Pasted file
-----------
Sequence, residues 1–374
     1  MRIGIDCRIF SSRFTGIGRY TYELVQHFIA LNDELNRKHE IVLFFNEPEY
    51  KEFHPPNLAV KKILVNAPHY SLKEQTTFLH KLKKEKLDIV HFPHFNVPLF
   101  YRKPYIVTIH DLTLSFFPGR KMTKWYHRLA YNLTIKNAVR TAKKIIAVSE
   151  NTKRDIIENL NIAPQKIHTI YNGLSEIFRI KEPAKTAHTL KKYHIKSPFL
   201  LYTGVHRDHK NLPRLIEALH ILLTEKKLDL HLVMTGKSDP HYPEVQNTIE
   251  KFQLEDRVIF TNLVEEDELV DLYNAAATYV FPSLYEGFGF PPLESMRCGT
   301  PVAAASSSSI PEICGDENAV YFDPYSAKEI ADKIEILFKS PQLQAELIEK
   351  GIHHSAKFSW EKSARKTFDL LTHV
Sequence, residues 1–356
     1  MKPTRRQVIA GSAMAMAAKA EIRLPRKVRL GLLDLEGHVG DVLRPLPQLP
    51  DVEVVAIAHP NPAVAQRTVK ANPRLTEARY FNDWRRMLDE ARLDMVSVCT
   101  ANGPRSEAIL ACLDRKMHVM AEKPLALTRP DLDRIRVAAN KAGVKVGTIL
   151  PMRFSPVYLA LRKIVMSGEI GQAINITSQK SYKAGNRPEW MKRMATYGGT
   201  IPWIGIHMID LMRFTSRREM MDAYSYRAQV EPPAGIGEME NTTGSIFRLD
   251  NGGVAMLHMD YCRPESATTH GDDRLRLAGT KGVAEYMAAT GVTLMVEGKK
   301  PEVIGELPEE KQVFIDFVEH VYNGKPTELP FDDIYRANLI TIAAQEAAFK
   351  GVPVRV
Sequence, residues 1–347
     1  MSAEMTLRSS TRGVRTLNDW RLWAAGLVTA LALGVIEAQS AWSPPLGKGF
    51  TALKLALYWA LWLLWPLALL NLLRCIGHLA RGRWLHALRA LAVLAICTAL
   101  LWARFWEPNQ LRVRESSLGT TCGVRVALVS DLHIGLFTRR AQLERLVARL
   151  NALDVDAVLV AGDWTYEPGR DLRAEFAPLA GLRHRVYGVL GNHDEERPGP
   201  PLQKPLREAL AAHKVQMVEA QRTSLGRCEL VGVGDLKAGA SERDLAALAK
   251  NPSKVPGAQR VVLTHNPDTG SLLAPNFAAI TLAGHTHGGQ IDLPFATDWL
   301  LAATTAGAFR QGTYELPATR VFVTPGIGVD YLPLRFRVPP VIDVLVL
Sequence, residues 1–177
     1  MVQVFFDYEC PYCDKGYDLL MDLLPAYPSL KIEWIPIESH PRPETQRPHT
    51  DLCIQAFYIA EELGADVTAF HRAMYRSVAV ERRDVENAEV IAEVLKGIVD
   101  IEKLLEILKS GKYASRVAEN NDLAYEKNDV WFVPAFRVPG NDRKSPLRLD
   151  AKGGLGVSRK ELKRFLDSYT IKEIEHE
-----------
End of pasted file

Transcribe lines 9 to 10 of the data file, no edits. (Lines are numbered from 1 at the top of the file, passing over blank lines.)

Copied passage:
   351  GIHHSAKFSW EKSARKTFDL LTHV
Sequence, residues 1–356